Shinobu talks about the book I,Robot by Isaac Asimov, and the Three Laws of Robotics. Among the short stories in the book, Shinobu was most moved by Little Lost Robot, where the stronger robot must obey a weaker being (human). Ononoki claims she doesn't read science fiction, much less the book that Shinobu is talking about. However Ononoki is interested in the theme of humanity's inability to fully control developing technology. She wonders why humans can never have full mastery of their own creations, those creations can lead to humanity's demise. She even draws parallels with the relationship between Araragi and Shinobu. Frustrated, Shinobu argues that the relationship between Ononoki and Kagenui isn't much different. Shinobu then wonders what would happen if those tools invented by humanity had free will. Will those tools desire to be used by humans? Will they want to be used by someone who has full mastery of those tools? Ononoki refutes that such a question is meaningless, since a creation that has free will is a fantasy, which is no longer science fiction. She states that in fact, someone who has full mastery of any tool, a dominator, is also a fantasy. Ononoki suggests that the tool can have more superior ability than its user/master. Shinobu remembers that robots are opressed by humans in I, Robot, because of the fear of rebellion by the robots. She wonders if Ononoki has consciousness, and whether Ononoki desires to be used by Kagenui. Ononoki thinks that being a master must be hard work since he is responsible for controlling something that is stronger than he is, and he might eventually get tired of this burden. This leads Ononoki to conclude that perhaps not having perfect mastery of one's own creation is inevitable. This may lead to humanity's own extinction, and only humanity's inventions will survive in the end. Shinobu tries to imagine a post-apocalyptic world where only scattered inventions and tools of civilization remain. She slightly shudders at this kind of scene.
(This is told in Deishuu Kaiki's perspective. It was released the newspaper Yomiuri Shimbun along with Onimonogatari BD/DVD vol. 2) Kaiki reads Farenheit 451 by Ray Bradbury. It is set in a world where books are outlawed and any books that are found are burned. He thoroughly enjoyed the book and its characters, and thinks that the premise of Guy Montag meeting Clarisse is a classic boy-meets-girl scenario. Senjougahara has read the book four times: once in early grade school, once in late grade school, once in middle school, and once in high school. Every time she read the book her opinion of the book was different, but none of them matched Kaiki's opinion of the book. She also points out that in this day and age where most books can be read electronically, outlawing books and burning them would be much more difficult. Kaiki finds it ironic that two of the greatest inventions of mankind, and fire and paper, are starting to become out of fashion. Senjougahara then asks what he thought about the fact that the character Montag was changed by Clarisse. Kaiki found it very moving, and he saw himself in Montag. Senjougahara realizes that she unconsciously thought Kaiki might change his ways just like Montag did, but then she found that was a foolish expectation. Kaiki tells her that on the other hand, she has succeeded in a change of heart, to which Senjougahara agrees, with a smile.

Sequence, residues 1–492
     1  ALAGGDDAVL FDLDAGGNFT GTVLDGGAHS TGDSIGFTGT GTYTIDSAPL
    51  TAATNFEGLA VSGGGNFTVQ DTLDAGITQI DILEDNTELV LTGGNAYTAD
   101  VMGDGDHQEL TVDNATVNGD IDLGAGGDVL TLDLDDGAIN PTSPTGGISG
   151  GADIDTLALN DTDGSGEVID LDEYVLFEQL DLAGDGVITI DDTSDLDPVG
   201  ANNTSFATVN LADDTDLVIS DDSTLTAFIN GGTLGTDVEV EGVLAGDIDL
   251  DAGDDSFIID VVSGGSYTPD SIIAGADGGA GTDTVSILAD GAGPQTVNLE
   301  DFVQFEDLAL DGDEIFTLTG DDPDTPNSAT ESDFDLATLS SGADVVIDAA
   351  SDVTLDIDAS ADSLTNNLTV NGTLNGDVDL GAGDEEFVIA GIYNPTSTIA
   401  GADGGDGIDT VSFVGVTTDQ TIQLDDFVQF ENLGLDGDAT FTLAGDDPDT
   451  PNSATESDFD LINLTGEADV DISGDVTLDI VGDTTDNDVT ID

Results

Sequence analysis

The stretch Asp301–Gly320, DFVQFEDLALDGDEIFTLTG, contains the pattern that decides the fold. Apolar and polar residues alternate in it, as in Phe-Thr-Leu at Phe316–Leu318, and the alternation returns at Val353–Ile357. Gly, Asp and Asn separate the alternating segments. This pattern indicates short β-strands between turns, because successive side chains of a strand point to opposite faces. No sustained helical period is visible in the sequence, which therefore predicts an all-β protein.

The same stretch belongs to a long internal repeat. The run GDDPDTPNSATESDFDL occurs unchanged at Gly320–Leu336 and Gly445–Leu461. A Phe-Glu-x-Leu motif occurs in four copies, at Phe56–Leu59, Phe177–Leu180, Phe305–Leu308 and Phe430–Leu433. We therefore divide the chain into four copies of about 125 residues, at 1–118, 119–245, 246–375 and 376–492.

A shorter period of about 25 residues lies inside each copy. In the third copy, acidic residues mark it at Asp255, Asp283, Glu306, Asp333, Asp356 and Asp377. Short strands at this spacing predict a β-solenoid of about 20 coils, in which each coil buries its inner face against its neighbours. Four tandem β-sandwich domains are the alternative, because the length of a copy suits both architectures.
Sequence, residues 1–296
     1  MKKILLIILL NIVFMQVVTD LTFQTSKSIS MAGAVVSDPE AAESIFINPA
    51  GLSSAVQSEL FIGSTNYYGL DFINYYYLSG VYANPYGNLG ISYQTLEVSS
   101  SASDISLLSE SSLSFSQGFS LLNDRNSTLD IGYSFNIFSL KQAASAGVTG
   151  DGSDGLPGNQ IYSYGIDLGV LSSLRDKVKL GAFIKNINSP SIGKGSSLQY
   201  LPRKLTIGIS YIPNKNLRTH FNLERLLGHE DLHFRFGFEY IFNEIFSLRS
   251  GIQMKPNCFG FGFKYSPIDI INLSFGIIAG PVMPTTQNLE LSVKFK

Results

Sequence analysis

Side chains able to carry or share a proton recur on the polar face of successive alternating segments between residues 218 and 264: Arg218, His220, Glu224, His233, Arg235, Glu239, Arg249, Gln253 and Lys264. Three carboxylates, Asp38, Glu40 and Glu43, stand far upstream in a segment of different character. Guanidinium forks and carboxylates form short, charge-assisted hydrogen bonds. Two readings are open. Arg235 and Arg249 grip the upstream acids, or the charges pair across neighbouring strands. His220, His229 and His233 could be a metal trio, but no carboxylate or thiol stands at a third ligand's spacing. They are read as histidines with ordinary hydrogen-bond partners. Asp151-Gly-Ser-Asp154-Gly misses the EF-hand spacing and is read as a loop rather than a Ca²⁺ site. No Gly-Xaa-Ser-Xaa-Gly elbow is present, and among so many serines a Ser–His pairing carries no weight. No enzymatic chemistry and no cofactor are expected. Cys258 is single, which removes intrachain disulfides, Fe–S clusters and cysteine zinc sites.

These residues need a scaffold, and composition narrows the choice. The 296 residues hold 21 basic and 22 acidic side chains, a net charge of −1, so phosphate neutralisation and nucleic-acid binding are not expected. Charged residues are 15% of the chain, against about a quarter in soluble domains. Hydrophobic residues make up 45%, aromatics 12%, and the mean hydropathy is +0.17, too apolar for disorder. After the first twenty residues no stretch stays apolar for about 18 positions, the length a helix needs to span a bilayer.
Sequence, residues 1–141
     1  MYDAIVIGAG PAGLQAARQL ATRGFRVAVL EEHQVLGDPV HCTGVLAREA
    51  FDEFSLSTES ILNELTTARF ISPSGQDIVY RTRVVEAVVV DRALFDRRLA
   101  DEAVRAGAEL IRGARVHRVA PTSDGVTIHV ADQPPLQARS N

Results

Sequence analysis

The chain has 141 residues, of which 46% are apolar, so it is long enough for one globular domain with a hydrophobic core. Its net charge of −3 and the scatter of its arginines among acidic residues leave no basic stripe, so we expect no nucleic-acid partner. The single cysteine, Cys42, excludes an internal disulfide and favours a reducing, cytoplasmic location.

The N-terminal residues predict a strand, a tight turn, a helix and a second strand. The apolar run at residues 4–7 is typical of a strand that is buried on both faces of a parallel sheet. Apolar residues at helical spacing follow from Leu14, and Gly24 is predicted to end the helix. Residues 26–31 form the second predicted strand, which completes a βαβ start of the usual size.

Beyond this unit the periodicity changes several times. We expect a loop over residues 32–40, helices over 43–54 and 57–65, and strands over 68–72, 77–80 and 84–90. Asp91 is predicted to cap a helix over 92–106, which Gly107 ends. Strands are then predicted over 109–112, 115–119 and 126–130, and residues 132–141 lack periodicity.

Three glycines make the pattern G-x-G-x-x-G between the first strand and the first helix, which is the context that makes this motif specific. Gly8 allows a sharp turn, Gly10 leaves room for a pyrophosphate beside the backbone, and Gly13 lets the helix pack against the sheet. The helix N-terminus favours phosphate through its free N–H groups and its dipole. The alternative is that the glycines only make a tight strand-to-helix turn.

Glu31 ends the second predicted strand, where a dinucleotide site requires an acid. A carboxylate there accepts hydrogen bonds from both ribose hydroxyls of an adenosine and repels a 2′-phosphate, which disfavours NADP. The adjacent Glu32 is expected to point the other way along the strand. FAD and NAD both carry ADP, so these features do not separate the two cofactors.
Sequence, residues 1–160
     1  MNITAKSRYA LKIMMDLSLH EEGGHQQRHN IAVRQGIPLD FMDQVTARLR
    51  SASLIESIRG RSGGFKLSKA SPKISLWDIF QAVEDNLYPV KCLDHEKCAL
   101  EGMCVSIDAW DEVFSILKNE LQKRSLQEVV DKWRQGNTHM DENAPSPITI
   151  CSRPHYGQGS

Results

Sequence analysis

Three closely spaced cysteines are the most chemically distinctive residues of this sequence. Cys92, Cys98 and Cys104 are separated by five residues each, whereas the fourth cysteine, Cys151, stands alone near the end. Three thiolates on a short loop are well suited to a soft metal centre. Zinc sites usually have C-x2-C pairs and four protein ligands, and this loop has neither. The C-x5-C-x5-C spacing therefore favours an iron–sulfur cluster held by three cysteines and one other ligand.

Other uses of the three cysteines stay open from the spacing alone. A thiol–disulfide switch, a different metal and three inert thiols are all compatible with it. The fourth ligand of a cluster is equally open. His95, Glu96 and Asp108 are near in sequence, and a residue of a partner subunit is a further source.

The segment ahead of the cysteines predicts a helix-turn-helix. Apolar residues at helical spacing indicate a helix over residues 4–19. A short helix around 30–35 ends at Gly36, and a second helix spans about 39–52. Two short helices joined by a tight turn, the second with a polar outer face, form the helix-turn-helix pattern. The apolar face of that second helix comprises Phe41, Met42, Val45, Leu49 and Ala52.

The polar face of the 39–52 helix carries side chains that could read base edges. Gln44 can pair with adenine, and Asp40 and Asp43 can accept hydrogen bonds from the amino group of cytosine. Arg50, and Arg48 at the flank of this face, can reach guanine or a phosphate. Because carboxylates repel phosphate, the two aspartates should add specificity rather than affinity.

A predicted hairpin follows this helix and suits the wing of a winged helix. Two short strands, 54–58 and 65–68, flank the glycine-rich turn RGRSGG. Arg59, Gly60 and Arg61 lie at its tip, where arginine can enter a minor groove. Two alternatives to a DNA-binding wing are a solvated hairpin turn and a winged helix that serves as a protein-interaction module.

(This story is narrated by Suruga Kanbaru. It was released the newspaper Yomiuri Shimbun.)
Kanbaru Tooe (Gaen Tooe) asks her daughter if she has read Alice in Jungleland by Mary Hastings Bradley. (Tooe has a relatively masculine tone). Kanbaru wonders why her deceased mother is talking to her, but quickly realizes that she’s dreaming. Tooe explains that Mary was an author and an explorer. She and her husband, along with her daughter went to an expedition in Africa. She recorded the expedition in one of her books, Alice in Jungleland. “Alice” was the name of her daughter. Kanbaru is uninterested about these facts, and she initially thought the book had something to do with Alice in Wonderland by Lewis Carroll. Tooe then reveals that Mary’s daughter, Alice, is the true identity of the famous science fiction writer James Tiptree Jr. (James Tiptree Jr. was a penname Alice Bradley Sheldon used in order to conceal her true gender). Kanbaru is shocked since she recognizes the author. She has read one of Alice’s novels, The Starry Rift. Kanbaru says it’s strange to think that famous literary figures like James Tiptree Jr. were all children once, and they all had parents. It is an obvious fact, but it is easy to forget. It is also easy for people to forget about their own childhood. Tooe supposes that attitudes towards many things change while growing up. Something one cherished as a child may no longer be cherished as an adult. Family used to mean everything to a child, but as an adult it is merely a part of life. Kanbaru points out that she doesn’t remember her mother ever treating her with love, to which Tooe replies that Kanbaru simply forgot. Tooe doesn’t remember her childhood or her parents very much either. The only things she remembers are the books she’s read. She thinks that what book one reads at what age is very important. Whether it’s meeting people or reading books, timing is crucial. Kanbaru admits that she forgets about the some of the books she’s read. Tooe reassures that there’s no problem with that. Even though something one cherished as a child is no longer cherished as an adult, a book one found boring as a child may become interesting as an adult. Relating to that, Alice in Jungleland is about a young girl on an expedition with her mother, but the meaning of the book changes for the reader when it is revealed that the girl will later become a prominent figure in literature. Tooe ends by telling Kanbaru her catchphrase, “become medicine or become poison, otherwise you're just water”.